ref: bVr Oct 5-Nov 5 2011 PIANO NOBILE FINE PAINTINGS Cyril Mann (1911-1980) - Open a 'pdf' of this press release - return to Galleries PR Index

Dr Robert Travers

129 Portland Road

London W11 4LW

Tel./Fax. 0207 229 1099



CYRIL MANN (1911-1980)

Pre- and post-war paintings of Paris and London – some shown for the first time since

they were done over 70 years ago – are included in a tribute exhibition, marking the

centenary of the birth of the British painter Cyril Mann (1911-1980).

The artist’s earliest self portrait was painted in 1937, when he was a student in Paris

under Scottish Colourist, J D Ferguson. One year later and also shown for the first time,

is “Pont Neuf”, 1938. Painted two years before the war, this tranquil scene depicts

the Paris Bridge, darkly silhouetted against the sun, as fishermen cast their lines along

the Banks of the Seine. As yet there is no sign of the imminent upheaval that would

soon engulf the city.

“Mann clearly thought a lot of this painting, said Dr Robert Travers, exhibition curator

and director of Piano Nobile Gallery. “He inscribed the reverse of the canvas with the

words ‘My first masterpiece’. Now at long last, the public can see it and judge if he

was right.

Among post-war London paintings is St Paul’s from Moor Lane”, 1948, showing the

iconic dome still surrounded by bombsites, set against an ochre sun in a polluted

yellow sky. In this view, long blotted out by the Barbican development, Mann

captures the city, slowly emerging from the ravages of war and returning to normality.

It was painted on the site of The Heron, London’s latest 39-storey residential tower and

future home of the Guildhall School of Music & Drama.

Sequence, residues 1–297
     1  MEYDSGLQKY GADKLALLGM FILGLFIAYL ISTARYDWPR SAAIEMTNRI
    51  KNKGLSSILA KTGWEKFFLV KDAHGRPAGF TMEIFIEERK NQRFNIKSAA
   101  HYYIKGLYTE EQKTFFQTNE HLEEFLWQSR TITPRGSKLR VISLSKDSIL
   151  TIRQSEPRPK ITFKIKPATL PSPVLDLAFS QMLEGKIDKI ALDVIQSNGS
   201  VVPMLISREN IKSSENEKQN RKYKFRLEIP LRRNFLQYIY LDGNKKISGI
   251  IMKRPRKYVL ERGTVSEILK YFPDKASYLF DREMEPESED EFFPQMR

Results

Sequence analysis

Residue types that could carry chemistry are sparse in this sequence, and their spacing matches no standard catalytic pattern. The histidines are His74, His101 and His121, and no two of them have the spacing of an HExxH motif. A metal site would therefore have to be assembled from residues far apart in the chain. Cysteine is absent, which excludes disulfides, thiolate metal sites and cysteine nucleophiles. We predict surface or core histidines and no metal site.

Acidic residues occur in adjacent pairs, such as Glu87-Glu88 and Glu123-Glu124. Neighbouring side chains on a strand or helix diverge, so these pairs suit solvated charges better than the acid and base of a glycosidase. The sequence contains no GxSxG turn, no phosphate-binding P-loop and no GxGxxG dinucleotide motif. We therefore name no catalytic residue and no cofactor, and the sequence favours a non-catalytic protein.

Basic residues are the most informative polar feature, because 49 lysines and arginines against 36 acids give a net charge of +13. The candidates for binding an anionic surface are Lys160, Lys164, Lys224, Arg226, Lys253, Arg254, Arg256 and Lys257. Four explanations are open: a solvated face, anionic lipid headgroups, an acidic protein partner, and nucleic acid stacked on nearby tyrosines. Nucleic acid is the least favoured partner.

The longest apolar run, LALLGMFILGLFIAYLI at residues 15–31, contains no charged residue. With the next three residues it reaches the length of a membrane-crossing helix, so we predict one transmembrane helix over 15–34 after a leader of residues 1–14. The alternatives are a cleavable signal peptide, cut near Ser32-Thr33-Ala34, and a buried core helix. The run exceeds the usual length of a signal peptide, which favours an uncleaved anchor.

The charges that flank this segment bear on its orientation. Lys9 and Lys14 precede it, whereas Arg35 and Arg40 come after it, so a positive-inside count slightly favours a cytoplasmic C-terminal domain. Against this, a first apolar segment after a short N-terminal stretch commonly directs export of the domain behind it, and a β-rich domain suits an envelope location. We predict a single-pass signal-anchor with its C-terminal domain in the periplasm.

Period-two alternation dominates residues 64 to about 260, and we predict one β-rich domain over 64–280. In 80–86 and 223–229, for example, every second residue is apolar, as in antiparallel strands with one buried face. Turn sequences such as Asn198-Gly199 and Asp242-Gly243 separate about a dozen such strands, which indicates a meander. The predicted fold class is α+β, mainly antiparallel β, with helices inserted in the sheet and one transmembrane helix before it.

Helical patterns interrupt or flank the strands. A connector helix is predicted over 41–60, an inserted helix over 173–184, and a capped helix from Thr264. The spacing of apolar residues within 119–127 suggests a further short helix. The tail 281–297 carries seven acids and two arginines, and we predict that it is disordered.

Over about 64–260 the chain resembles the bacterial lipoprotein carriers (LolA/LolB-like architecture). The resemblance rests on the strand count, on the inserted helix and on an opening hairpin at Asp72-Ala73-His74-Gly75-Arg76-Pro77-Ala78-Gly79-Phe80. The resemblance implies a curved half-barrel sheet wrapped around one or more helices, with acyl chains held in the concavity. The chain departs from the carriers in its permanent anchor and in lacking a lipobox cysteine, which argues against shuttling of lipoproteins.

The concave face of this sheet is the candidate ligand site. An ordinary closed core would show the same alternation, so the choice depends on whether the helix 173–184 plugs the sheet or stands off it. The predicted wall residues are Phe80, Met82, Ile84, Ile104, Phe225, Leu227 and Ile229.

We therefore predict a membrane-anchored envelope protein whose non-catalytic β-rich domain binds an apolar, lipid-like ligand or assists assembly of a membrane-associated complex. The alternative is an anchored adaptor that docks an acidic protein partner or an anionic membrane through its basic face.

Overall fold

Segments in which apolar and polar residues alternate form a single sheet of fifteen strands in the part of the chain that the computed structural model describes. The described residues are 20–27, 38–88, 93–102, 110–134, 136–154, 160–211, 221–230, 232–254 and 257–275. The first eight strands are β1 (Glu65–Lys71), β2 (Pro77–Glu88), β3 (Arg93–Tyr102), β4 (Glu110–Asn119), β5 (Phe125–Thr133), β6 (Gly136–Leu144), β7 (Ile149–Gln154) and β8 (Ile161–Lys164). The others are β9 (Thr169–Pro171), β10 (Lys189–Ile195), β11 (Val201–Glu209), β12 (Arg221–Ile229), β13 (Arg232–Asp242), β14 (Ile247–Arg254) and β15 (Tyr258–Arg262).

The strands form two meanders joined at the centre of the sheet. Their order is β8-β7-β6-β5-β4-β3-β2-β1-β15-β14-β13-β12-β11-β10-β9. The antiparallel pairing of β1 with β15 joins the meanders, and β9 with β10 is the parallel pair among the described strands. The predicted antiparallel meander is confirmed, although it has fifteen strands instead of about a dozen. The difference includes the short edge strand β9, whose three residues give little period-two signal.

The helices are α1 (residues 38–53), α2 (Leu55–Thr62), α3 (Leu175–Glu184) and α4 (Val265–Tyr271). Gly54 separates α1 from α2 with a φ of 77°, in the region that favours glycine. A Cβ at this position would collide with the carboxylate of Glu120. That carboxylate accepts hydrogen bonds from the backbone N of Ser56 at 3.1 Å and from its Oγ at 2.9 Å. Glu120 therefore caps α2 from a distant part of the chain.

Piano Nobile traces Mann’s artistic development through six decades, from the 1920s

when, aged 12, he was the youngest boy ever to win a scholarship to the Nottingham

School of Art, until his death on January 7, 1980, aged 68. A graduate of the Royal

Academy Schools (1934-1937), Mann never used a studio and lived most of his life in

a council flat, refusing to join any art movement and rejecting the fashion for


Throughout his career, spanning over half a century, Mann dreamt of ‘revitalizing

figurative art’. Neglected in his lifetime, his paintings are now sought after by

collectors. His work is represented in major private and public collections, including

the Guildhall Museum & Art Gallery and the William Morris Museum, Waltham Forest.

The British Museum department of prints and drawings has five of Mann’s drawings in

its collection.


Piano Nobile Gallery, 129 Portland Road, London W11 4LW October 5 to November 5, 2011

A Tribute Exhibition to Cyril Mann (1911-1980)

Marking the centenary of his birth and

the publication of the folio “St Paul’s from Moor Lane”

With essays by Mark Hudson and Veronica Cecil

(Published by Sylph Editions, £14, through Piano Nobile Gallery)

VAT Registration no. 451 0221 08